This blog is a sum up of three articles about the construction and the use of a social network analysis.

The first article is titled “converting medieval documents into a searchable database”. It describes the work achieved by the collaboration of five universities. They implemented numerical techniques to automatically store texts pertaining to a German city from the year 601 to 1545. In few words, it is system, which extract all metadata of a book/text, using typographical means. Then it cleans information in order to create a sort of index: the typical output is a year, a place of issue, often names, signatories and archival information. Also it provides an extensive index with more details on each character like place of living and relationship.

The goal of this article is to show how relatively simple techniques can be applied to historical collection and thereby make it much more accessible and useful.

As it can be now very rapid to find the right document for a specific research, it would be relevant to know to what extent this research can be interesting. This is well illustrated in the second article from Cornell-Alexander Jackson, entitled “using social network analysis to reveal unseen relationships in medieval Scotland”. The title is pretty clear about the topic. Though the author prove, how social network analysis can be trivial to understand some circumstances. The first point of this article explains that relationships can shape human’s behavior above and beyond the influence of his proper attributes. Because of this, it would be relevant to study an historical situation, through a network analysis of its main characters. The study of Mr. Jackson is a full analysis of all the connections between the governors of Scotland under the reign of William I (XI century). During his researches he noticed that one of the governors, Duncan II, had more private connections in politics than the others. Historians have no idea how prominent was Duncan II during his time; they have no idea whether or not he played a role in running the Scottish government. There is also a second research solution for this kind of study, which is to create a location network, but in this Scottish case there wasn’t enough data.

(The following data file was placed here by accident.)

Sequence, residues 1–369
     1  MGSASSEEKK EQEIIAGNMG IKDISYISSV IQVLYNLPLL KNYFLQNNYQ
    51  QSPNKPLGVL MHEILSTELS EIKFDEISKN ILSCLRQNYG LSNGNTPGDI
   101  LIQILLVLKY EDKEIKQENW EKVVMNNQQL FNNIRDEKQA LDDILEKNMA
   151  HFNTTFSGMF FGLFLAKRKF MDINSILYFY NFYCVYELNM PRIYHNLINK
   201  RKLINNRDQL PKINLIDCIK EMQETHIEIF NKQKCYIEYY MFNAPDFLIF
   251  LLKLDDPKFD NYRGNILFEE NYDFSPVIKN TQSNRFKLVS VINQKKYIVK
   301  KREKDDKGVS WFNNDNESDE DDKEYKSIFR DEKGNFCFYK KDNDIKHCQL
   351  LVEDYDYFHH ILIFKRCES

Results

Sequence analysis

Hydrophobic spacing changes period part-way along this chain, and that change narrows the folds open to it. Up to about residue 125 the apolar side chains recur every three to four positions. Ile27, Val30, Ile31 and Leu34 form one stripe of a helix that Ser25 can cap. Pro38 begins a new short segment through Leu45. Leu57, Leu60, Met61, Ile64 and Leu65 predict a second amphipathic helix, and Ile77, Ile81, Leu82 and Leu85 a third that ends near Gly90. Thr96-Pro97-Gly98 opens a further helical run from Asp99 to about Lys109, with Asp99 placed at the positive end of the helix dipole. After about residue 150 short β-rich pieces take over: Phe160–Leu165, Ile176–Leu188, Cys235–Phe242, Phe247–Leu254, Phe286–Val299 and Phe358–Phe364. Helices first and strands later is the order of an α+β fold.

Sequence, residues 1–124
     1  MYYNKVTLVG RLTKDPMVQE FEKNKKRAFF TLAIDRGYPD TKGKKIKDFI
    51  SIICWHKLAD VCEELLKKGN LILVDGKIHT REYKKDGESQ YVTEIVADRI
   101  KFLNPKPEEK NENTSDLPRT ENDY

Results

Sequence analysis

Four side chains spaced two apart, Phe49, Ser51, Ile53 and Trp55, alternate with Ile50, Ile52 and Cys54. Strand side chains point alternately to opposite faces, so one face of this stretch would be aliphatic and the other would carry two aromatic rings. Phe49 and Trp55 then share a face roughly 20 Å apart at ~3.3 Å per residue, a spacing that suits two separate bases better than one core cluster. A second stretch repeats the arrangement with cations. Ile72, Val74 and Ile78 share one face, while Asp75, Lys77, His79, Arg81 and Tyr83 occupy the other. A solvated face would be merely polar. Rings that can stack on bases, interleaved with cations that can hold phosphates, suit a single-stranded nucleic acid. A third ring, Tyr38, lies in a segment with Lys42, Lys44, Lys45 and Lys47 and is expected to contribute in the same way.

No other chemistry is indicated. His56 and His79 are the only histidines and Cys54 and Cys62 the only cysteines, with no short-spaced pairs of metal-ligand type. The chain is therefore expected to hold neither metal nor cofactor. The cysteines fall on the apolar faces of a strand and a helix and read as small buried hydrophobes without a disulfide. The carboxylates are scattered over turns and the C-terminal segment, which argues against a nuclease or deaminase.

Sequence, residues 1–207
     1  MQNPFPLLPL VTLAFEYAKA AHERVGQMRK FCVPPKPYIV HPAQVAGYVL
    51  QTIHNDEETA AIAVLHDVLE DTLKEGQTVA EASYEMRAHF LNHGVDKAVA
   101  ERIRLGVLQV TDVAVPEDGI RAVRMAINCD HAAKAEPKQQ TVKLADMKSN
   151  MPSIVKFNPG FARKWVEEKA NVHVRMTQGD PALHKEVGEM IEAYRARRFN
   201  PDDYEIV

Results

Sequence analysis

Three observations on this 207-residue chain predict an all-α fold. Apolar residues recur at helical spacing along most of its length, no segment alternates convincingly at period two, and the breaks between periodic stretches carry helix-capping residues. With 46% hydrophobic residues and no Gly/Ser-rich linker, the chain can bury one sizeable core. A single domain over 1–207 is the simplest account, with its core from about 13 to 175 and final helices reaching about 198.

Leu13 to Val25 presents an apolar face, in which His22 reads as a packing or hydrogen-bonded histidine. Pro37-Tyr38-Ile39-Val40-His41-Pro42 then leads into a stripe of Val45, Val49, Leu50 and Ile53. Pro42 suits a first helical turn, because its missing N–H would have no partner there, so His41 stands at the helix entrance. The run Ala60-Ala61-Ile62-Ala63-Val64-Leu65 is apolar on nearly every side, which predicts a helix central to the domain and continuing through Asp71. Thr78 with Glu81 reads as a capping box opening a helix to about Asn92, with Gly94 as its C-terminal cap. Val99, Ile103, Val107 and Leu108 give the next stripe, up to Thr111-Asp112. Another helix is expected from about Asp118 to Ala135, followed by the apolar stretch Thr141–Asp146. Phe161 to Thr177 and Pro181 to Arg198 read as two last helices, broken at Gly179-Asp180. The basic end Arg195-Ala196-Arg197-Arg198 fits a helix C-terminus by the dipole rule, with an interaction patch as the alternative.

As if this research is not achieved yet, the author has already discovered unknown things. At least, this article shows that a network analysis can bring a new perspective for studying history.

There are other projects that have recently started to use this network analysis method. One special example is a network, which connects all the Saints in medieval Italy. This network is rather unique because all the connections are not based on texts, but on paintings. This work led by Thomas Lombardi is very rigorous. This is the subject of the third article. Thomas Lombardi built each connection link with a confidence coefficient. He also added a weight for each link. The result is a huge network hierarchized with a thousand of connections. The goal of this work is to gauge the relative prestige of each Saints before and after the Black Death (1346–1353). In other words, the issue is to determine if the perception of these saints have changed in the eyes of painters and their clients.

It is very instructive to discover a new approach for analyzing historical situation. Perhaps this method should be applied to understand some mysterious stories happening today. I would be very curious to see huge network linking our politicians together and with their relations!

References

Dharchive.org, (2014). DHArchive. Available at:http://dharchive.org/paper/DH2014/Poster-720.xml [Accessed 19 Oct. 2014].

Jackson, C. (2014). DHArchive. Dharchive.org. Available at:http://dharchive.org/paper/DH2014/Paper-881.xml [Accessed 21 Oct. 2014].

Lombardi, T. (2014). DHArchive. Dharchive.org. Available at:http://dharchive.org/paper/DH2014/Paper-643.xml [Accessed 21 Oct. 2014].

Advertisements